How many times has Katz recycled that article? The Reds obviously promote their players because they hate the Dragons and want them to lose...we get it already.
How many times has Katz recycled that article? The Reds obviously promote their players because they hate the Dragons and want them to lose...we get it already.
Philippe Valiquette (ok, he was #31)
And of course there is also the trio of pitchers who performed outstanding with the Dragons last year for nearly the entire season - Jeremy Horst, Matt Klinker and Luis Montano. Of course there was also Enerio Del Rosario who had a lot of success there as well.
Heck, in 2007 the Dragons had Valaika, Turner, Stubbs, Cozart, Francisco, Heisey and Parker. The pitching staff had Jordan Smith, Sean Watson (who tore through that league as a starter), Pedro Viola, Ramon Geronimo, Daryl Thompson, Misael DeJesus...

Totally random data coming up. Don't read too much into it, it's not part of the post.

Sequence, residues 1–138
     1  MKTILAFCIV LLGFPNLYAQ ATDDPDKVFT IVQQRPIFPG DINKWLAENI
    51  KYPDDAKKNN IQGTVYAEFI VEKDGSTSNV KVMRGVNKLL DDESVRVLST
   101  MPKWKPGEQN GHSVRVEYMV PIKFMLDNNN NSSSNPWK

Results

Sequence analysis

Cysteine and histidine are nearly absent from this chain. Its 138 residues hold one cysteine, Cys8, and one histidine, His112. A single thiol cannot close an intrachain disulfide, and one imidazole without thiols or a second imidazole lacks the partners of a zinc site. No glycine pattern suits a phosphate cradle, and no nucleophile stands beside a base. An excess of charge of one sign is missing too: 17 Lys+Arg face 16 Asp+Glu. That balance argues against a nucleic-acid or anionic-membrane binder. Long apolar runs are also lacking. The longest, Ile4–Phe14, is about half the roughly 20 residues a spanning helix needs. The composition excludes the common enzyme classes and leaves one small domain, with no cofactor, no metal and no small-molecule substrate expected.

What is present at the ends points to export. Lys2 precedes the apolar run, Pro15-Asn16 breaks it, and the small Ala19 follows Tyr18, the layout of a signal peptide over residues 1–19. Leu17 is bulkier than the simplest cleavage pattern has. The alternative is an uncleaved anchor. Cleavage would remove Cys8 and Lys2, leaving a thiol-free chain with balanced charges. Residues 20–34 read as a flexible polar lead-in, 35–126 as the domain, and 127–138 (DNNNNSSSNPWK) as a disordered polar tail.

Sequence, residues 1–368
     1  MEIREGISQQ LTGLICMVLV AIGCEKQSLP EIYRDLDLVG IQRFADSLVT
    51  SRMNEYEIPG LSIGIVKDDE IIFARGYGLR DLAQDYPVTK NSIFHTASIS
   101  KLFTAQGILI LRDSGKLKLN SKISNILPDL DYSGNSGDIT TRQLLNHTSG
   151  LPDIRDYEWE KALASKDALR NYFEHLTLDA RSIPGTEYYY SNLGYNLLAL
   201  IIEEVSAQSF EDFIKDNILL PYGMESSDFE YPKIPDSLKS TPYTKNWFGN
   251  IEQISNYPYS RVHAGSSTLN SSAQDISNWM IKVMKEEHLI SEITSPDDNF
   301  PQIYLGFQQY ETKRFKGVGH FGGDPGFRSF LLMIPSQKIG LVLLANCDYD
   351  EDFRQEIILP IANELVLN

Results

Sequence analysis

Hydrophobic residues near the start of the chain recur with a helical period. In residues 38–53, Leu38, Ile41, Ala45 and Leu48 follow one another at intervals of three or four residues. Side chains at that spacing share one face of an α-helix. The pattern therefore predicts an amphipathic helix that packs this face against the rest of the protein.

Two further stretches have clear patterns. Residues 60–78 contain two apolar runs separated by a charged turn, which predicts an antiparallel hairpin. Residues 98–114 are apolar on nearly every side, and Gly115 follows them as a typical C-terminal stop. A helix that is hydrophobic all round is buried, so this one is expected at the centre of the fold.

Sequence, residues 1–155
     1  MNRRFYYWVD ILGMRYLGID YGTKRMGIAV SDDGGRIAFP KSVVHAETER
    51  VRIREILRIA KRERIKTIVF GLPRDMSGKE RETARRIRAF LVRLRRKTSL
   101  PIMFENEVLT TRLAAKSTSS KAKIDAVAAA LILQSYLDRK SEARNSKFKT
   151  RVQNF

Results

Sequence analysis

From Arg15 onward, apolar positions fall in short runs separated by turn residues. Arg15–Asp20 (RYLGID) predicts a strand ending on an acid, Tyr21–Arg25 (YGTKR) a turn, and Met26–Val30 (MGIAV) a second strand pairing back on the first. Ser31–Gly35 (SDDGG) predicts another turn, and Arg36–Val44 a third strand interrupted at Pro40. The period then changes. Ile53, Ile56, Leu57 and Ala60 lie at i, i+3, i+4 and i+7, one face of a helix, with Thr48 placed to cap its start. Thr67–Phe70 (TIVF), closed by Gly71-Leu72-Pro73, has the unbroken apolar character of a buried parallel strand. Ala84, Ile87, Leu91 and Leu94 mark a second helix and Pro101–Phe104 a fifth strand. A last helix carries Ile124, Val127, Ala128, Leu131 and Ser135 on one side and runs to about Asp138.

It seems to me that talent hasn't really been an issue in Dayton. They have had some good players come through there recently.
Hugs, smiling, and interactive Twitter accounts, don't mean winning baseball. Until this community understands that we are cursed to relive the madness.
I did a quick run-through of other Midwest League rosters, and I haven't found one yet which has zero BA top 30 players for the parent club. Most of the rosters have multiple high draft picks, while this Dragons' roster is pretty bare. Though knowing Katz's writing, I highly doubt he did that much research on his own. I think he's just sick of the Dayton fans packing the stadium every year, yet not having a consistent team on the field.
IMO, other organizations go through the same promotions, so it should even out over the course of the season.
New Dragons ready to roll in 2009
By Marc Katz
Wednesday, April 08, 2009